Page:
We’re launching a new initiative with a mission to unlock the potential of precision genetic medicines and speed up clinical developments. Professor Sir John Bell, Regius Professor of Medicine at Oxford University and Champion of the Life Sciences Industrial Strategy, tells us more about the Nucleic Acid Therapy Accelerator.
Today, I was delighted to join the launch event for the Nucleic Acid Therapy Accelerator (NATA), hosted by Professor Fiona Watt, the Executive Chair of the Medical Research Council, with interim NATA Director Professor Matthew Wood. [...]
Continue reading: Introducing NATA; the Nucleic Acid Therapy Accelerator
13 Jan 2020
Applications are now open to find 25 MRC researchers and technical experts for the next ‘I’m a Scientist Medical Research Zone’ in March 2020. Shonna Johnston, Flow Cytometry Facility Manager at the University of Edinburgh Queen’s Medical Research Institute, shares why more technicians should give it a go.
Image credit: Shonna Johnston
Last year, I took part in the I’m a Scientist MRC Festival Zone – an online competition giving school students the chance to connect with researchers and technical experts. The students challenged competitors in fast-paced live chats, asking anything they wanted, then voted for their favourite person to win a prize of £500 towards a public engagement activity of our choice. [...]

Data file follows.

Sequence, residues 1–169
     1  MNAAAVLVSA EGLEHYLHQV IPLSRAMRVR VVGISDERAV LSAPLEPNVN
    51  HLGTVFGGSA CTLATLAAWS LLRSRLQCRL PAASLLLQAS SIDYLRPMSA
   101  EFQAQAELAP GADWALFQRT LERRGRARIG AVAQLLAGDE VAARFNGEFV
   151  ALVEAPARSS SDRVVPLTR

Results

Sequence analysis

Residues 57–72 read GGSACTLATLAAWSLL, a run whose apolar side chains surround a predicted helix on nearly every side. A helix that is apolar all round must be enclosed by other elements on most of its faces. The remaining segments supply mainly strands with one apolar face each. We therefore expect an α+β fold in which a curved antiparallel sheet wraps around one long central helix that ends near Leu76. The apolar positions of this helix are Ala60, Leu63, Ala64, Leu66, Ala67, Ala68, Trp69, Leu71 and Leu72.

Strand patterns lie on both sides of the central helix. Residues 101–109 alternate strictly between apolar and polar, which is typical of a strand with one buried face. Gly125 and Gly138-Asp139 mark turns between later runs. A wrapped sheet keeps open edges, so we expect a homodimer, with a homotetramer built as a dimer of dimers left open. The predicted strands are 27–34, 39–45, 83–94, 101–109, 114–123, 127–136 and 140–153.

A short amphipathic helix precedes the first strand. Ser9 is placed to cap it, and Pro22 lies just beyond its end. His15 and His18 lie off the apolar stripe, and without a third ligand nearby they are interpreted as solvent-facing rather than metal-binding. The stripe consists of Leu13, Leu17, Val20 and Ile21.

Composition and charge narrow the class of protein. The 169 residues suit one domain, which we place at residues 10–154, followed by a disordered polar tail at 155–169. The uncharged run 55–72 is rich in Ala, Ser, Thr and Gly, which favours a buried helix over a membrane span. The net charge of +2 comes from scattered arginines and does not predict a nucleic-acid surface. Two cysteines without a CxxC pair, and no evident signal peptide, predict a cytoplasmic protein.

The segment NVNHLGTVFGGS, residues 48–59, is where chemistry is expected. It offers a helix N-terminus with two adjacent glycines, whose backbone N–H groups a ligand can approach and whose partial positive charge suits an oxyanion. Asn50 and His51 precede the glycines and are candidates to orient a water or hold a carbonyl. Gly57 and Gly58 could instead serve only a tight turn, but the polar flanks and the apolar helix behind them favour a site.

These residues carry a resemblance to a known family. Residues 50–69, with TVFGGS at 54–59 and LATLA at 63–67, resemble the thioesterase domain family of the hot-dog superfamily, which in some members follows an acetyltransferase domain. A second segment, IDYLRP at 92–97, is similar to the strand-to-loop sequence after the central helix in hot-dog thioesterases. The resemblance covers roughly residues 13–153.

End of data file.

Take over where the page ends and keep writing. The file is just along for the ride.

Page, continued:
Continue reading: Connecting students with science
23 Dec 2019
Over the past year, the University of Edinburgh MRC Centre for Regenerative Medicine has been celebrating a significant milestone: 10 years as an MRC Centre. Robin Morton, the centre’s Science Communication Manager, guides us through the celebrations.
Image credit: Douglas-Robertson
Birthdays are a time of celebration, a time to reflect and to look forward to the future. When I joined the MRC Centre for Regenerative Medicine (CRM) in 2016, I marvelled at its successes, excellent facilities and sense of community. [...]
Continue reading: Celebrating ten years of the MRC Centre for Regenerative Medicine
10 Dec 2019
Anna Beukenhorst, a PhD student at the University of Manchester, was commended in this year’s Max Perutz Science Writing Award. She sets out the challenges of studying the link between the weather and arthritis symptoms – and how collecting smartphone data from patients could help them better manage their pain.
Anna with MRC Executive Chair Professor Fiona Watt
When motorcycle legend Barry Sheene moved to Australia, it was not for another Grand Prix victory. It was for the weather. Sheene had retired from racing because of his arthritis. Like many arthritis patients he believed that the damp British weather worsened his arthritic pains. [...]